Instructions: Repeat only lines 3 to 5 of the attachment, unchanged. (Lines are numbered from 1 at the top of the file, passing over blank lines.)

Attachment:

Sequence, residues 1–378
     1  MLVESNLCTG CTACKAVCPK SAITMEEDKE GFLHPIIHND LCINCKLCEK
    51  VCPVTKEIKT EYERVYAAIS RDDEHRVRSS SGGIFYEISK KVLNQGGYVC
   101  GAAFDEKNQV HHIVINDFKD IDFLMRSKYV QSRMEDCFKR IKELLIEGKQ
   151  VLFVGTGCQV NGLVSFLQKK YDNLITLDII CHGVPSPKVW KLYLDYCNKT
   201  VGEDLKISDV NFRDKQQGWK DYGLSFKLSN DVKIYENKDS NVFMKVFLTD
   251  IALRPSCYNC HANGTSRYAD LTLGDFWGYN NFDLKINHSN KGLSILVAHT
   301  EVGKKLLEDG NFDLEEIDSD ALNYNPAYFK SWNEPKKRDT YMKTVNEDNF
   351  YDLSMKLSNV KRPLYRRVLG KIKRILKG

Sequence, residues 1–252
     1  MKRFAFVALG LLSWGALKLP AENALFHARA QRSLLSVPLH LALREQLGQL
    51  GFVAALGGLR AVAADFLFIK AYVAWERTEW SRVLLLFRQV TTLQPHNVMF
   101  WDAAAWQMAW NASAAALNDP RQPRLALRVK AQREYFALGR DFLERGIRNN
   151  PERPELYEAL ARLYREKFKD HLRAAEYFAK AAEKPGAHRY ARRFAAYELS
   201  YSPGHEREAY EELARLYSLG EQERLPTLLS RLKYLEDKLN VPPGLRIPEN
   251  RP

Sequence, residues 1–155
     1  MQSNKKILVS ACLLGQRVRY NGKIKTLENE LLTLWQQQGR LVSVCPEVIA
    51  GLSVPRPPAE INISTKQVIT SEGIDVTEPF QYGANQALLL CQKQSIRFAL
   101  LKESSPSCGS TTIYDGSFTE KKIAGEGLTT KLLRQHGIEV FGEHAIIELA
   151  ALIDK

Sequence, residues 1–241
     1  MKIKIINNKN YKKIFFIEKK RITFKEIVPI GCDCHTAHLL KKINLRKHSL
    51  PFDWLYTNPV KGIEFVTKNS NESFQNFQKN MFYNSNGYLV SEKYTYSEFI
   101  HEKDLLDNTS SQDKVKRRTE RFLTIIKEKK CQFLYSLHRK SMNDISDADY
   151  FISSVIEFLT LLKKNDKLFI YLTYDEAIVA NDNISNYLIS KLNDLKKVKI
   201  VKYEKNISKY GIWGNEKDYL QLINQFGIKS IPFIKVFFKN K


    51  VCPVTKEIKT EYERVYAAIS RDDEHRVRSS SGGIFYEISK KVLNQGGYVC
   101  GAAFDEKNQV HHIVINDFKD IDFLMRSKYV QSRMEDCFKR IKELLIEGKQ
   151  VLFVGTGCQV NGLVSFLQKK YDNLITLDII CHGVPSPKVW KLYLDYCNKT